Editorial: Trust the science and take the vaccine

  • An emergency room technician receives the Pfizer COVID-19 vaccination at Saint Anthony Hospital in Chicago last week.

    An emergency room technician receives the Pfizer COVID-19 vaccination at Saint Anthony Hospital in Chicago last week. Associated Press Pool Photo

Updated 1/3/2021 12:17 PM

Third in an Opinion Series

The Daily Herald Editorial Board


A Pew Research Center survey found that three out of five people believe scientists should play a role in policy debates about scientific issues.

The survey found that the public's confidence in scientists is about on par with its trust of the military -- and ahead of its trust of the news media and elected officials.

Does the level of confidence in scientists seem low to you?

It's worth noting this survey was published in mid-2019 -- before the COVID-19 pandemic and the politicization of masks.

The simmering anti-vaccine movement of recent years seems rather quaint compared to the outward skepticism of mask wearing and widespread reluctance to take the COVID vaccine when it becomes widely available.

The Pew survey also found a gulf between the percentage of respondents who identify as Republican versus Democrat who believe the scientists, with Democrats putting significantly greater trust in them.

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People's personal situations -- and the havoc that the virus causes -- helps shape their outlook on science. Religion also plays a role. As does the influence of politics -- especially when our president spent months during the pandemic downplaying the virus and either didn't encourage mask wearing or ridiculed others for doing so.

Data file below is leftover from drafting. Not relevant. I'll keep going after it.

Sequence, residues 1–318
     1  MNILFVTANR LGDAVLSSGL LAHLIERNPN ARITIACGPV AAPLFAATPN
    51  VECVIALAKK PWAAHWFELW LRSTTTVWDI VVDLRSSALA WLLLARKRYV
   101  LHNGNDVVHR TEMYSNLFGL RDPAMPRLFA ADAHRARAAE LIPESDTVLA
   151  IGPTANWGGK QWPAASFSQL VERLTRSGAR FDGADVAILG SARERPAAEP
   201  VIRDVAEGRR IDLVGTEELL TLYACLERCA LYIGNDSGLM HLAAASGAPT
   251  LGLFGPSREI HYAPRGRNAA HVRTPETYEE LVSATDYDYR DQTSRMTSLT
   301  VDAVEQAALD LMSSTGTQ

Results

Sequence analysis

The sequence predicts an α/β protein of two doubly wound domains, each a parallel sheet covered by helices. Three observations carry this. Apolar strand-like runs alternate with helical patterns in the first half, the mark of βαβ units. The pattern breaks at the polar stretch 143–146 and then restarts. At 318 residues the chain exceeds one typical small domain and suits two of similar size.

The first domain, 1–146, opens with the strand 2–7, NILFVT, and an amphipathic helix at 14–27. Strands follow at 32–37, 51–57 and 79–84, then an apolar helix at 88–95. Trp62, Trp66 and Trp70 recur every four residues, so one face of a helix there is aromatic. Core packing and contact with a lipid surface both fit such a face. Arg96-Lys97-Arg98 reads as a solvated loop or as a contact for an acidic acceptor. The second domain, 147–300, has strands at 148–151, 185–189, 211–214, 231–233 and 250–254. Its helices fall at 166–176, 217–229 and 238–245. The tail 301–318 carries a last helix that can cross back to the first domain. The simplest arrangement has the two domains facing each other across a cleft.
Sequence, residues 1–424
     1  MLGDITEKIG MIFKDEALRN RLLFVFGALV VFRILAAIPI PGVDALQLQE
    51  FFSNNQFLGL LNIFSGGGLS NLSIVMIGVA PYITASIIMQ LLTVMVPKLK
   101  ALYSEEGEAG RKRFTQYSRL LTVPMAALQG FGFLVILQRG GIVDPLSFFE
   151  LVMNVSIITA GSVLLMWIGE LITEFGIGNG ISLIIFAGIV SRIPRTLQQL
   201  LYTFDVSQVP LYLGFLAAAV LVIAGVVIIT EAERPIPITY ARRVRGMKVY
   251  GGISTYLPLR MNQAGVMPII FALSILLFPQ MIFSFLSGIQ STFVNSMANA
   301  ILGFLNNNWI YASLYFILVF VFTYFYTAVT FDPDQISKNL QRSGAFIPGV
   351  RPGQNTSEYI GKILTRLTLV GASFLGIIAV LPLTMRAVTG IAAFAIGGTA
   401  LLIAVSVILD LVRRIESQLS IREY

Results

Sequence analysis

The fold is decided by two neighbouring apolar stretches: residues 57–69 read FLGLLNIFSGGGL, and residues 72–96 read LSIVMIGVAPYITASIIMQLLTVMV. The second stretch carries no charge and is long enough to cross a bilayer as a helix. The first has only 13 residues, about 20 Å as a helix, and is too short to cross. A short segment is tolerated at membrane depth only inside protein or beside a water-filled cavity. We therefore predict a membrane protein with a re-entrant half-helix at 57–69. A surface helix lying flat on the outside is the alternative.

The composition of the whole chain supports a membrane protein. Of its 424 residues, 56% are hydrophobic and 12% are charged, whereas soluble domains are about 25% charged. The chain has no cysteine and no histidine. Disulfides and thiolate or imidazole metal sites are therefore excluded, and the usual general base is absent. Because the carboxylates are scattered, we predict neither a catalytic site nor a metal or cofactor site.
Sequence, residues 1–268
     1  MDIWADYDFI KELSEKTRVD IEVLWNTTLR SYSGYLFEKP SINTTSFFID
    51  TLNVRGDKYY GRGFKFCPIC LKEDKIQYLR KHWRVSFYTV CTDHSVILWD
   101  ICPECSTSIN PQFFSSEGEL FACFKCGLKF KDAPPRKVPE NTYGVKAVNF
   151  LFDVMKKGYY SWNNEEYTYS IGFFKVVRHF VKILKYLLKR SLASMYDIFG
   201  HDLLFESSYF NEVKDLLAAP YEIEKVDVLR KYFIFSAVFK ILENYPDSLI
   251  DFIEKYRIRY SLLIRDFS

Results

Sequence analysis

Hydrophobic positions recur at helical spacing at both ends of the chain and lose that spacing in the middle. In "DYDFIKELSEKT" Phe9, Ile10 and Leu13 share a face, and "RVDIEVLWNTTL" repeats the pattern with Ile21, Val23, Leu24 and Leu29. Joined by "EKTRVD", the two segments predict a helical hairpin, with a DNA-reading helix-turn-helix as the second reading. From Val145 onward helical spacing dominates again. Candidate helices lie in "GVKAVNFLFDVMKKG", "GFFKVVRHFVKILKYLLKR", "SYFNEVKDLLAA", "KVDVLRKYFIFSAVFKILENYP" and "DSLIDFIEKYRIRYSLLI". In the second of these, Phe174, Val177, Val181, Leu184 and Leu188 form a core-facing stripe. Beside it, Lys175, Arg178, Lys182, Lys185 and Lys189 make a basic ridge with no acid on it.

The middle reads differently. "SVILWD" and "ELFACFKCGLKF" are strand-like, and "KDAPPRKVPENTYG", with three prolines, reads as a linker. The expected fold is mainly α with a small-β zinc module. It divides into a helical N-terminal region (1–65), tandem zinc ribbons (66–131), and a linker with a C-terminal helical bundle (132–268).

A major concern today is whether Black people will embrace the vaccine. Blacks historically have shared a distrust of medical research and health care in America -- and with good reason.

Dr. Anthony Fauci, the Walter Cronkite of the world of infectious disease, has launched a campaign to convince Black people of the efficacy, safety and necessity of the vaccine.

His pitch: a Black woman -- Dr. Kizzmekia Corbett -- was a central figure in producing Pfizer's vaccine.

Vaccines have either eradicated or tamped down a slew of diseases in America: polio, tetanus, influenza, hepatitis A and B, rubella, measles, whooping cough, chickenpox, rotavirus, pneumococcal disease, mumps and diphtheria.


What great step forward in this country or in the world -- medical or otherwise -- is not based in scientific breakthrough?

The arms race of the world's pharmaceutical companies to come up with workable ammunition against the novel coronavirus has been breathtaking. The work that has been going into the shipping, storage and administering of the vaccines has also been inspiring.

It is our hope that skeptics will watch the rate of infection decline over time and decide that those who took the vaccine when it became available to them had the right idea.

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